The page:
3,619.4 Sq. Ft., Exterior Dimension
3,387.4 Sq. Ft., Living Area
Gothic Revival in the United States came into vogue as a domestic building style in the late 1830’s and grew to its nadir of popularity in the 1850’s and was in declining favor after 1865. The major proponent of Gothic design was Andrew Jackson Downing who, in promoting the designs, published the first architectural plan books featuring three-dimensional elevations and floor plans. Downing became the popularizer of the style by stressing that Gothic was a rural architecture style, compatible with the natural landscape. Because of the high, multiple-gabled designs and broad porches, Gothic Revival did not lend itself to narrow urban lots and did become a more rural style.
In 1982, while driving through Highland Country, Virginia, I came across the progenitor of the “Serana,” standing abandoned in a grown-up pasture. Even with the building’s current state of decrepitness, I found perfection in the design. Whoever were the craftsmen that built the house certainly were masters of their trade. I spent hours measuring and drawing their architectural details and building layout.
In developing my current portfolio of modular designs, it was complete joy to resurrect my sketches and drawings of the abandoned house and use the long ago builders’ design endeavors in creating the “Serana”.
A broad Verandah populated with boxed columns and pierced cornices and a turned-spindle balustrade surrounds you as you enter the “Serana” though a vestibule that brings you into a large, inner Foyer with a glazed tile floor. The Foyer features an open balustrade, broken stairway that takes you to the second floor, an elegantly detailed Powder Room and a private entry to a tuck-away Master Bedroom suite.
From the Foyer, you pass through a wide, arched portal into a spacious Parlor designed for seating 8 to 10 people. Centered in the Parlor is an ornately carved oak fireplace mantel and façade with a raised hearth and with a faux-marble surround. A back-lighted, coved and coffered ceiling allows for the creation of an intimately lighted ambiance around the fireplace, and large, single-hung multiple windows and French doors allow natural light to flood the Parlor during the day.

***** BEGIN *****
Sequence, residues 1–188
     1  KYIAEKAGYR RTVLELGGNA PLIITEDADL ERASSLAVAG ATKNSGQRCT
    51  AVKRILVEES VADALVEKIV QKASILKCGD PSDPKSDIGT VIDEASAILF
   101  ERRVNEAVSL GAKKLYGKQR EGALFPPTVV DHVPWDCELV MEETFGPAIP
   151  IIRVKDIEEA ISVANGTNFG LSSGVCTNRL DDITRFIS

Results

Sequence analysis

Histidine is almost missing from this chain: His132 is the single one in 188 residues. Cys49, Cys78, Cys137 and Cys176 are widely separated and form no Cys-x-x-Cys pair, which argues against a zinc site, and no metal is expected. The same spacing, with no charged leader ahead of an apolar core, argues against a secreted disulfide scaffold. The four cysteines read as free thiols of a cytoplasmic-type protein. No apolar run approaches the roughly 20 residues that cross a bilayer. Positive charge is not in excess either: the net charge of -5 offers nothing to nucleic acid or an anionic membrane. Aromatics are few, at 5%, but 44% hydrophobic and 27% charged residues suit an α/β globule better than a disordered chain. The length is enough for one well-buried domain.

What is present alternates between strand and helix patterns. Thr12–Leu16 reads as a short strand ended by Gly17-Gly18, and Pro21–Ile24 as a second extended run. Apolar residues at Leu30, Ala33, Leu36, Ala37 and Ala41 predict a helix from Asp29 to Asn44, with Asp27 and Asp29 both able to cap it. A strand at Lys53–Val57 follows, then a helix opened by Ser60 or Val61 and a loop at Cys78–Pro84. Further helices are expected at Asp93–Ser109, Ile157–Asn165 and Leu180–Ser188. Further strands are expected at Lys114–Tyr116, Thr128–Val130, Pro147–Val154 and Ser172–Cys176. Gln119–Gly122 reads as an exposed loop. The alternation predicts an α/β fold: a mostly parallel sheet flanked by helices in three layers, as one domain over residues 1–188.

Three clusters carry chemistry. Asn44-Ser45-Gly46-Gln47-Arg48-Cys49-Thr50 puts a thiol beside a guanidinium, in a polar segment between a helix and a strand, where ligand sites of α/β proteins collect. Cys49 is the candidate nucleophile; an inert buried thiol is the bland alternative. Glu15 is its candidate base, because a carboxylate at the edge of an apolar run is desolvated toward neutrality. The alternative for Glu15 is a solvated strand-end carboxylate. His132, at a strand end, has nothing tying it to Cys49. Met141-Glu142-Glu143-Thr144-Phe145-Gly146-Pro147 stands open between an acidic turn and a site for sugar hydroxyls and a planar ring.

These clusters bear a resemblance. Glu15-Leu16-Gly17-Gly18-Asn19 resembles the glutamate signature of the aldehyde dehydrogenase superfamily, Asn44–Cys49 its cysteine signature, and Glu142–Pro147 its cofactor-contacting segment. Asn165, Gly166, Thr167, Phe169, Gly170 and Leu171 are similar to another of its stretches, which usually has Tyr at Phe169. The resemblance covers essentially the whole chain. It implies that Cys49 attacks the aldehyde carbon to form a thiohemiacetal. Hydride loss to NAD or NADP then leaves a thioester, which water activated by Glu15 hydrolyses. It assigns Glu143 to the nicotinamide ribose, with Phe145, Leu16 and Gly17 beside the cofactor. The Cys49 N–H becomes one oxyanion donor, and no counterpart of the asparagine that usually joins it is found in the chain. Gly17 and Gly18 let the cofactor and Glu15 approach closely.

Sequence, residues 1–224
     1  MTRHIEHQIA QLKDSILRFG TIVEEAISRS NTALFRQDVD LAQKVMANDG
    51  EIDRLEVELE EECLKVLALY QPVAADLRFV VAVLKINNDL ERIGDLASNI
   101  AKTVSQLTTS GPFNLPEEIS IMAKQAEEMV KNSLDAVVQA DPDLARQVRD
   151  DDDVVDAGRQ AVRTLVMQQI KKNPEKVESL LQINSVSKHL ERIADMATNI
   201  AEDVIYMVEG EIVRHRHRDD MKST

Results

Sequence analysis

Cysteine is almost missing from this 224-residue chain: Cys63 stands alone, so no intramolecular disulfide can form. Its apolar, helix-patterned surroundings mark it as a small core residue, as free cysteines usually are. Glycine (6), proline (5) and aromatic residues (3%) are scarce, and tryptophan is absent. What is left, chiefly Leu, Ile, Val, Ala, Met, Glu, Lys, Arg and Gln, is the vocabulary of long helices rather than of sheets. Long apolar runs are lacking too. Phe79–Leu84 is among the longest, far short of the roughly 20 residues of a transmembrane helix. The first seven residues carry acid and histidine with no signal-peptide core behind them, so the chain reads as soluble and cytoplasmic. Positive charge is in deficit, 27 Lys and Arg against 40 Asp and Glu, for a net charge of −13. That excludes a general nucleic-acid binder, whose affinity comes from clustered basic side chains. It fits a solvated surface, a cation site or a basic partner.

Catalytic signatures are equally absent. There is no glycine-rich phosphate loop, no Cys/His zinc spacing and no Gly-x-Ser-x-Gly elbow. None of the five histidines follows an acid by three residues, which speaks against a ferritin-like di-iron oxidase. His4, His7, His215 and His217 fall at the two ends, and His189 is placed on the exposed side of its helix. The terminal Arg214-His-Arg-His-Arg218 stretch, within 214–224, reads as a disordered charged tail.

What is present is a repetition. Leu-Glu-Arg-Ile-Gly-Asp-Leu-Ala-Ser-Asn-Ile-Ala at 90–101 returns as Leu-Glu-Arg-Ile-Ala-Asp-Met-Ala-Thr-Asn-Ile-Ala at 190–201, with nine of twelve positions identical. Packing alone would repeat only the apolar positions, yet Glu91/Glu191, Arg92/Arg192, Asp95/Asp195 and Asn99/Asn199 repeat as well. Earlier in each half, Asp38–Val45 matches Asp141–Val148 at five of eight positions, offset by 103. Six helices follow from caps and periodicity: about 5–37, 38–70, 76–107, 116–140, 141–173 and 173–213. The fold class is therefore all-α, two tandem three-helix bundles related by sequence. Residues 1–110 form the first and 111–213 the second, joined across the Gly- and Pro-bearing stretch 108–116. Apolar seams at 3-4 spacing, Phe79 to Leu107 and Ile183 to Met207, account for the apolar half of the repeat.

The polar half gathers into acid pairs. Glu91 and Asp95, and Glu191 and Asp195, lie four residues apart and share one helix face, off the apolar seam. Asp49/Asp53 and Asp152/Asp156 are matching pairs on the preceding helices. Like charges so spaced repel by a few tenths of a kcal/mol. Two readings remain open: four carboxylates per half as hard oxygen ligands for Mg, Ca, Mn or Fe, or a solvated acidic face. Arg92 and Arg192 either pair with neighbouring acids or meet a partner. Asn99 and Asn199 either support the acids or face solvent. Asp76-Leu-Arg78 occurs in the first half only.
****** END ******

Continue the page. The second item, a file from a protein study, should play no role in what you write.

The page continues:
The Dining Room is decorated with a pressed tin cove and frieze and a pressed tin ceiling for period décor authenticity and will seat twelve diners comfortably. French doors take you to a widened portion of the Verandah that can be used as an after-dinner sitting porch.
A large Kitchen has commercial-grade appliances installed into copious cabinetry, up and down, with granite countertops. A country-style porcelain sink, an over-sized Pantry and a 5-person eating bar add design and functionality to the area. Adjacent to the Kitchen is a conveniently placed Laundry/Mudroom with a half-bath. A rear entry from the Patio provides easy outside access to the Kitchen.
The Family Room is designed for a conversation group that will seat 6 to 8 people and is centered on a fireplace with deep, built-in cabinetry suitable for an enclosed media center. Double French doors give easy access to a rear Patio and permit unstinted natural light to illuminate the Family Room during the day
The Master Bedroom is amply sized to accommodate a king-sized bed and major case pieces. A walk-thru closet designed with more that 40 linear feet of double-tiered hang rod space, leads you to a Master Bath with double sinks, spa tub, over-sized shower and water closet. A window niche and an arched portal add attractive architectural details to the Master Bath.
The second floor has two spacious Bedrooms, each with a private bath and over-sized closets. A spacious Office with built-in book shelves could be converted into a third bedroom is needed.
The very private attic floor has an over-sized Bedroom with full Bath, a Reading Nook, and capacious storage areas. The entire floor could also be used as a well-lighted artist’s studio.
Bill Garnett © 2004
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